Electronic Arts has long been a leader in the video game industry, thanks to perennial best-sellers like its “Madden NFL” series and franchises that target the hardcore like “Dead Space” and “Battlefield.” But they’ve also been trying to dominate into the casual and social gaming sectors in a similar way, with much less success. They’ve been on a buying spree of late, snapping up smaller entities like social dev studio Playfish and indies like Firemint and Chillingo.
But, PopCap’s a truly big fish to reel in. Aside from the insanely rich valuation, the Seattle studio’s cranked out three of the most successful and ubiquitous casual games ever, in the forms of Bejeweled,” “Zuma Blitz” and “Plants vs. Zombies.” You’d be hard-pressed to find a mobile device that doesn’t have an iteration of “Bejeweled” or “PvZ” available for it and the web versions “Bejeweled” and “Zuma” have stolen away millions of hours away from people who could care less about a first-person shooter.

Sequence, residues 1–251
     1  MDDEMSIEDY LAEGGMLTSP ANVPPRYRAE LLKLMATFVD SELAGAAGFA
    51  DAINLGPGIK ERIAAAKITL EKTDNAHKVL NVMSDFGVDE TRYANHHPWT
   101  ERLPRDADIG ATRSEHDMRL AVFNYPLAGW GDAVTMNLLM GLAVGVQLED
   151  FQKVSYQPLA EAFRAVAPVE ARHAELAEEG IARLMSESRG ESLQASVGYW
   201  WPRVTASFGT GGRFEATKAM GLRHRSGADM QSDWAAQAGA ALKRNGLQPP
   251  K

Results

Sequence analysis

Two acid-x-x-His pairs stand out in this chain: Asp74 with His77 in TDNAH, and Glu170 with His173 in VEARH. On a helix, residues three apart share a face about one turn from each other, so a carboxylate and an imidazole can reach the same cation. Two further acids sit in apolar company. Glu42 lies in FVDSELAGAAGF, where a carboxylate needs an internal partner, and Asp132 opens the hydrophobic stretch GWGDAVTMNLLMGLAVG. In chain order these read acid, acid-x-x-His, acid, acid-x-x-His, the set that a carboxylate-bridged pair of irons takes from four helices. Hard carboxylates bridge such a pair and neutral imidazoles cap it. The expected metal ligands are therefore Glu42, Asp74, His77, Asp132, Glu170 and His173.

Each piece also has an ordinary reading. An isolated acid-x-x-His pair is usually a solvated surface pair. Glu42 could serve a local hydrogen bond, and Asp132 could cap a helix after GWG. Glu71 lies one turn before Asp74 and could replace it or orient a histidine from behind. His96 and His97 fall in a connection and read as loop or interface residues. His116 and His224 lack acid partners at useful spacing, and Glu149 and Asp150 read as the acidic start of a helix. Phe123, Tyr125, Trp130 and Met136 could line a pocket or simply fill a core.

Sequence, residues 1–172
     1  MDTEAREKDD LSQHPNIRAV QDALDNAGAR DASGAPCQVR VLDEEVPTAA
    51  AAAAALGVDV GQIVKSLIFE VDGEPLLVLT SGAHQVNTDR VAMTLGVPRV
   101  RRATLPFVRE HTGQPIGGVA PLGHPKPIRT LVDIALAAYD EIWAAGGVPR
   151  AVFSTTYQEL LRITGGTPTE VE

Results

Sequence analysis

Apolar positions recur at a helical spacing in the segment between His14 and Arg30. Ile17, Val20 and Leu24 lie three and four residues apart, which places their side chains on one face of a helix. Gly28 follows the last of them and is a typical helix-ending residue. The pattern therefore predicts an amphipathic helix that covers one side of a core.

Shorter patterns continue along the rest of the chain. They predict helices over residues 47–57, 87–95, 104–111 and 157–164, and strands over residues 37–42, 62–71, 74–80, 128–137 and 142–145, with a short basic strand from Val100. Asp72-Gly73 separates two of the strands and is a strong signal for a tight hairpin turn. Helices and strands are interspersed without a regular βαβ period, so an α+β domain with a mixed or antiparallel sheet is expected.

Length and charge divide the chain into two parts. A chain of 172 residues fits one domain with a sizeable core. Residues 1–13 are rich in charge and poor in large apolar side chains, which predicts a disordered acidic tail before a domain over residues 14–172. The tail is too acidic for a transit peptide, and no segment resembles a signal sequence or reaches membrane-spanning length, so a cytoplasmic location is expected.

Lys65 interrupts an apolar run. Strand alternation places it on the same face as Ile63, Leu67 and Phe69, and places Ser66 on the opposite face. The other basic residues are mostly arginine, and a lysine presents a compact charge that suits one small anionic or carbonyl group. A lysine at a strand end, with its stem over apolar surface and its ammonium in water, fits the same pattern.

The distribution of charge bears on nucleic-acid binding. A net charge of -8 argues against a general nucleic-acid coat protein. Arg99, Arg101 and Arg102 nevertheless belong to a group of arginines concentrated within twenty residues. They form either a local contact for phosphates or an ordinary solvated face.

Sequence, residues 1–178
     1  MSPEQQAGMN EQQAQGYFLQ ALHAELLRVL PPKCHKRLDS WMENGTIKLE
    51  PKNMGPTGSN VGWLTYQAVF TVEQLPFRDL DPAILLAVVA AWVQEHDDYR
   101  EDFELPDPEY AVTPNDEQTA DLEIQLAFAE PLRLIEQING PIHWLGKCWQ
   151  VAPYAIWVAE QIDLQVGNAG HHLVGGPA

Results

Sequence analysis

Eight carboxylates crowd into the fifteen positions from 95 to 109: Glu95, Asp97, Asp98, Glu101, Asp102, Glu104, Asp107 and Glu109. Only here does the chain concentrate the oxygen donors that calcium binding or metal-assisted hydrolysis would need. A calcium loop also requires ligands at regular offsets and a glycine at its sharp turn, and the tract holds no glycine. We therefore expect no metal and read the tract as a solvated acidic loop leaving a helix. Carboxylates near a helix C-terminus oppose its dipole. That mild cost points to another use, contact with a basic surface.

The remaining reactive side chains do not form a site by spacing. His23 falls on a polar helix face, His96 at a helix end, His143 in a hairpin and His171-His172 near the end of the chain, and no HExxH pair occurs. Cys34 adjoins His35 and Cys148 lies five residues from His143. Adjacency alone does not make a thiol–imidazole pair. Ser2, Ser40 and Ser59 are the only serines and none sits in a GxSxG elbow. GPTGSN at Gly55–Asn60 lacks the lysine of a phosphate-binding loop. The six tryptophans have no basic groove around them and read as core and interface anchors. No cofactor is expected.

EA sees this as a part for their shift towards a digital strategy that anticipates direct downloads making up the majority of sales next year. To that end, they’ve also launched Origin, a download service like Valve’s Steam that will carry their games on a near-exclusive basis. So, the idea is to sell games normally packaged on discs online–in chinks most likely–and provide a bounty of natively digital content as well. PopCap’s track record in the latter category is amongst the best, with 150 million games sold on iOS, Facebook and Android. 50 million units of that was just “Bejeweled” alone.
But, the usual caveats apply as to the big-company-buys-small-company paradigm. PopCap’s a quirky, idea-driven company that’s never been under pressure to crank out work annually or service lowest-common-denominator expectations. Still, PopCap will get the benefit of EA’s distribution and marketing reach. Time will tell if this means that they’re just becoming zombies or if they’ll will blossom like a sunflower.